Middle of the Map Fest brings indie music to local scene

Courtney Woodworth, Staff photographer

I arrived at The Beaumont Club around 4 p.m. expecting to see music fans lining up to grab wristbands for Ink magazine’s Middle of the Map Fest.
But instead, my friend and I were the first two at the venue.
I guess I overestimated the popularity of indie music.
The bands, Paper Route, Work Drugs, Maps & Atlases and Two Door Cinema Club, all performed at The Beaumont Club.
Paper Route, an electric pop band from Tennessee, set the bar for the rest of the performers. Each member of the band had a unique stage presence that lent itself well to the set.
Their emotional attachment to each song was evident — facial expressions, interaction with one another onstage, movements and all.
They played songs off of their latest album Absence, and a couple from older EPs. The group plans to release another album soon.
From what I could tell, they did not seem to have many fans in the audience. But I can guarantee that every person left planning to buy their music.
At most concerts I’ve attended, there is at least one band that I want off the stage as fast as possible.
Work Drugs was this band at Middle of the Map.
Don’t get me wrong — their music is pretty good.
Their stage presence, however, is just really bad. The most movement the lead singer did was move his leg. A girl backup singer swayed her hips the whole time. The drummer chewed gum. The keyboardist showed the most intensity while singing — which I do give props for. I couldn’t even see the bassist.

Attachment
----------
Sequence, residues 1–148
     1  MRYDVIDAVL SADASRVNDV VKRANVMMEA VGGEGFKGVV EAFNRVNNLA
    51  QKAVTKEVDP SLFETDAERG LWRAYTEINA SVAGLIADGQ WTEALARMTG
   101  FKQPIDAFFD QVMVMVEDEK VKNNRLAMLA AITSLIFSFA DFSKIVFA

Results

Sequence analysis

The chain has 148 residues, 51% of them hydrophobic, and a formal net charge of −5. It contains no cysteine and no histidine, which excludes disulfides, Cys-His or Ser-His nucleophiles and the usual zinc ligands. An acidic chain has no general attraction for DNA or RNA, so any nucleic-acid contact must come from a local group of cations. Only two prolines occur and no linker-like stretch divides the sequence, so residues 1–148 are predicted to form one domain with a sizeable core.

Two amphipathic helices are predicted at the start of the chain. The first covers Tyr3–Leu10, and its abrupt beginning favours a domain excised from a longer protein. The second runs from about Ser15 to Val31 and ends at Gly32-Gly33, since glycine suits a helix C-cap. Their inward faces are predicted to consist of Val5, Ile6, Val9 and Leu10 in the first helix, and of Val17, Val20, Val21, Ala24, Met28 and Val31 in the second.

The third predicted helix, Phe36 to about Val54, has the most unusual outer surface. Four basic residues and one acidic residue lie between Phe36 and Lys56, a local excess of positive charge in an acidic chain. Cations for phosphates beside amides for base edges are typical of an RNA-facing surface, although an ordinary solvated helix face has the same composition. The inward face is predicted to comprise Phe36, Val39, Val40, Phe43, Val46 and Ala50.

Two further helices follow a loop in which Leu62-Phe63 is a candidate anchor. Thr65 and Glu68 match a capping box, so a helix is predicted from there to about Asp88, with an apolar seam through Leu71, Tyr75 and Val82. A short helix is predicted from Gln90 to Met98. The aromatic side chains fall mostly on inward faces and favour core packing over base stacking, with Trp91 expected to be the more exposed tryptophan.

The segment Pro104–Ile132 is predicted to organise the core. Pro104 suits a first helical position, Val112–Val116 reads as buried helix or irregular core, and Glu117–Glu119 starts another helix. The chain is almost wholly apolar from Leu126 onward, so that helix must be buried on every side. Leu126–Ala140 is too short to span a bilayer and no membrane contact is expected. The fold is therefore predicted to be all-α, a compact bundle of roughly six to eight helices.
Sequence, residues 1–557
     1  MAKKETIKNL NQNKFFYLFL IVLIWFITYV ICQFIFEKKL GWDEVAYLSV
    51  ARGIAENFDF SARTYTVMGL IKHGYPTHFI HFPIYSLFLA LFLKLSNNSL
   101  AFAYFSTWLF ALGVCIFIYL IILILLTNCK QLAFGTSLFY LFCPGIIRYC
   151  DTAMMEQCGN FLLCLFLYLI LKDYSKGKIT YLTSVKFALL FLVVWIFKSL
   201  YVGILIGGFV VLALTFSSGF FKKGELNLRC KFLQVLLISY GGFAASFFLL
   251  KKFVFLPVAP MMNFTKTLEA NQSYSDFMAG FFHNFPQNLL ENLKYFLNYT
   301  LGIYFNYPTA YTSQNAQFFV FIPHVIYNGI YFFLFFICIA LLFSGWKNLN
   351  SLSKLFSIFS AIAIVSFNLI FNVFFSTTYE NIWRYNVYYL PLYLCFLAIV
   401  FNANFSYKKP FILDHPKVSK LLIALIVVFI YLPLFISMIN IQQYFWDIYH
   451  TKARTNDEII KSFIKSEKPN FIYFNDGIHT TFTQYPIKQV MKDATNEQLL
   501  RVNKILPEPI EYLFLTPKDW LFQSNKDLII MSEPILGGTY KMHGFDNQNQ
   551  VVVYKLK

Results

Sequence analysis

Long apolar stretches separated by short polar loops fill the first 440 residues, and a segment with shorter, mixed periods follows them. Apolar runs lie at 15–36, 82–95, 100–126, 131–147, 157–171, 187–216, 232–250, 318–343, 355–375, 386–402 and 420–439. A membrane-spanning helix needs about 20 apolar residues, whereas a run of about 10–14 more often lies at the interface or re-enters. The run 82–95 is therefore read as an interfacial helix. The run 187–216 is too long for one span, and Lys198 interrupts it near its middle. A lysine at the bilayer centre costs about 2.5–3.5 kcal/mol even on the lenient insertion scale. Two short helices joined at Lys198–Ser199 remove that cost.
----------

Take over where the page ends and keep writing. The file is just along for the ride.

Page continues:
They did have catchy music, just not concert-worthy music.
Then came Maps and Atlases to give an incredible performance.
They played songs with emotion and energy — the lead singer thanked the creators of Middle of the Map too many times to count. They seemed genuinely happy to be playing music.
There were some technical difficulties, but they weren’t at fault for that.
They played fan favorites like “Witch,” and “Solid Ground.” Overall it was a really strong performance.
For some reason, set changes and sound checks seemed to take forever at this show. The audience was kind of impatient; but, music played overhead helped calm them down.
Everyone surged forward as soon as Two Door Cinema Club took the stage–it was evident who the audience came to see.
I was not able to stay for the whole performance but the few songs I saw were incredible.
They opened with “Cigarettes in the Theater,” then proceeded to play songs from their whole career.
Each song they played was filled with energy and intense emotion. They ran around the stage with chaotic movement, but it was fitting for their music.
It’s such a unique experience to see bands perform in the early years of their career. The bands I saw at Middle of the Map have the potential to become Indie sensations — or even hit the radio.
As for now, they perform for a bunch of unenthusiastic hipsters.